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Open Access Highly Accessed Research article

Development of a taxonomy to describe massage treatments for musculoskeletal pain

Karen J Sherman12*, Marian W Dixon3, Diana Thompson4 and Daniel C Cherkin15

Author Affiliations

1 Center for Health Studies, Group Health Cooperative, Seattle, Washington 98101, USA

2 Department of Epidemiology, University of Washington, Seattle, Washington 98195, USA

3 Private Practice, Portland, Oregon 97214, USA

4 Private Practice, Seattle, Washington 98112, USA

5 Departments of Family Medicine and Health Services, University of Washington, Seattle, Washington 98195, USA

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BMC Complementary and Alternative Medicine 2006, 6:24  doi:10.1186/1472-6882-6-24

Published: 23 June 2006

Abstract

Background

One of the challenges in conducting research in the field of massage and bodywork is the lack of consistent terminology for describing the treatments given by massage therapists. The objective of this study was to develop a taxonomy to describe what massage therapists actually do when giving a massage to patients with musculoskeletal pain.

Methods

After conducting a review of the massage treatment literature for musculoskeletal pain, a list of candidate techniques was generated for possible inclusion in the taxonomy. This list was modified after discussions with a senior massage therapist educator and seven experienced massage therapists participating in a study of massage for neck pain.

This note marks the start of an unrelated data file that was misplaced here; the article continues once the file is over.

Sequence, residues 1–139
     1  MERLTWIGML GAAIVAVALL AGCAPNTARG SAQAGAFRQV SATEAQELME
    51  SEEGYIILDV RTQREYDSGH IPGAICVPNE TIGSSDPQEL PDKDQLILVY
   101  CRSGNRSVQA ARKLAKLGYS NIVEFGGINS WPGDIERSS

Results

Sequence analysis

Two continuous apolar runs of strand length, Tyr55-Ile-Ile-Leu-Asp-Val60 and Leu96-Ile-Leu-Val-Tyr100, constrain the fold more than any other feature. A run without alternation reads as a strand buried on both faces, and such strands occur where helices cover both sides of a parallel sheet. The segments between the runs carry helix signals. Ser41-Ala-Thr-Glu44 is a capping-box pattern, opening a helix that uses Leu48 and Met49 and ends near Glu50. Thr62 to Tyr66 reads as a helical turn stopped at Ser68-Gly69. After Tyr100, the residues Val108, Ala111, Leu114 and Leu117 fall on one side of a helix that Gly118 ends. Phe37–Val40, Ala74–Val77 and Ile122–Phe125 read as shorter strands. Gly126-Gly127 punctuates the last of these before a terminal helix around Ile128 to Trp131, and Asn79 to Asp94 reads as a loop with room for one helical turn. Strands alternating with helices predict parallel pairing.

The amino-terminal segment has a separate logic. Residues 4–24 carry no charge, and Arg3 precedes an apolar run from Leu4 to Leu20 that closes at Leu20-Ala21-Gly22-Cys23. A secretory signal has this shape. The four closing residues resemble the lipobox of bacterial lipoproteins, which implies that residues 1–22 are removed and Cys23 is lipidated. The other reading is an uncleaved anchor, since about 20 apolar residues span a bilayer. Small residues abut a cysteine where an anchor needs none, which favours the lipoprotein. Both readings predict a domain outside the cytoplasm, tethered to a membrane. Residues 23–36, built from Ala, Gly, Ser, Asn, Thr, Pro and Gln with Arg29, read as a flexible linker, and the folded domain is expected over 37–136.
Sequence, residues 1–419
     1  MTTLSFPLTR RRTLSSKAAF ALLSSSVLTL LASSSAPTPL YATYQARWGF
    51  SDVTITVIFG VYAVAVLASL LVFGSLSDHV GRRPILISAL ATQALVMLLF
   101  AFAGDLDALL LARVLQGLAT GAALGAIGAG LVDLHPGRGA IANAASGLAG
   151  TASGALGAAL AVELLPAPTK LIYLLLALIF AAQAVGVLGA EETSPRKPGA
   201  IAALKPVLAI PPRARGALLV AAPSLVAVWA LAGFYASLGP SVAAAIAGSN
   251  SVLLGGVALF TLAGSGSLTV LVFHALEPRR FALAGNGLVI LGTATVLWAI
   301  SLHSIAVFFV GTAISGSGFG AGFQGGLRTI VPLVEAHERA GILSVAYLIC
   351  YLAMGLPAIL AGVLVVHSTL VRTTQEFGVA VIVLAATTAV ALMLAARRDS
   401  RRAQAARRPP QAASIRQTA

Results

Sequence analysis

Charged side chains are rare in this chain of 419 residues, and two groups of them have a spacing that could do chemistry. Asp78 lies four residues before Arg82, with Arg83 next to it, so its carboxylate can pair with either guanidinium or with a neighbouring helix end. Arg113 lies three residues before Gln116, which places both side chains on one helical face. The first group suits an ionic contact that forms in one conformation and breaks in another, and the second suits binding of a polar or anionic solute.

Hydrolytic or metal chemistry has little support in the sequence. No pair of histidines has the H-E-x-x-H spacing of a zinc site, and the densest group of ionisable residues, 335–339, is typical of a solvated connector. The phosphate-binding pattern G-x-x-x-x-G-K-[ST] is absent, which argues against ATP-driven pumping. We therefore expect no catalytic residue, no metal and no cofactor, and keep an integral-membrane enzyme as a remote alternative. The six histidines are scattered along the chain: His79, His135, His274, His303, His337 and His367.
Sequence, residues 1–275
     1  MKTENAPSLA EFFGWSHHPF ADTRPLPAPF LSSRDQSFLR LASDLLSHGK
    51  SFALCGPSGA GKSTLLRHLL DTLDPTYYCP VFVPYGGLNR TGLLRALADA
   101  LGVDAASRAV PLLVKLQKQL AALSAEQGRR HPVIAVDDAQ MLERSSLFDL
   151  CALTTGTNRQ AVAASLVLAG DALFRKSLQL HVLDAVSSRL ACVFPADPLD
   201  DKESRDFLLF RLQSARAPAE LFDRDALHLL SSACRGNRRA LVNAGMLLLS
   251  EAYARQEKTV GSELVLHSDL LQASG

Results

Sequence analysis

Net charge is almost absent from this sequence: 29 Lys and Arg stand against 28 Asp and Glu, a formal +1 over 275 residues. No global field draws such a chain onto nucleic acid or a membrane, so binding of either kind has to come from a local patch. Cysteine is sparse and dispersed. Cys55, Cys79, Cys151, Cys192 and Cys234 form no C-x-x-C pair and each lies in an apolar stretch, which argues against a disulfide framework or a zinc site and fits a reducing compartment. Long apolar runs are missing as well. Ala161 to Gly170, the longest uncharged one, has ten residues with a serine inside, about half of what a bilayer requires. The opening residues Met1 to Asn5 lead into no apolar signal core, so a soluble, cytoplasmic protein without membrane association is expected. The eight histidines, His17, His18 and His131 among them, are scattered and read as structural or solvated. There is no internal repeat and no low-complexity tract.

Results

The taxonomy was conceptualized as a three level classification system, principal goals of treatment, styles, and techniques. Four categories described the principal goal of treatment (i.e., relaxation massage, clinical massage, movement re-education and energy work). Each principal goal of treatment could be met using a number of different styles, with each style consisting of a number of specific techniques. A total of 36 distinct techniques were identified and described, many of which could be included in multiple styles.

Conclusion

A new classification system is presented whereby practitioners using different styles of massage can describe the techniques they employ using consistent terminology. This system could help facilitate standardized reporting of massage interventions.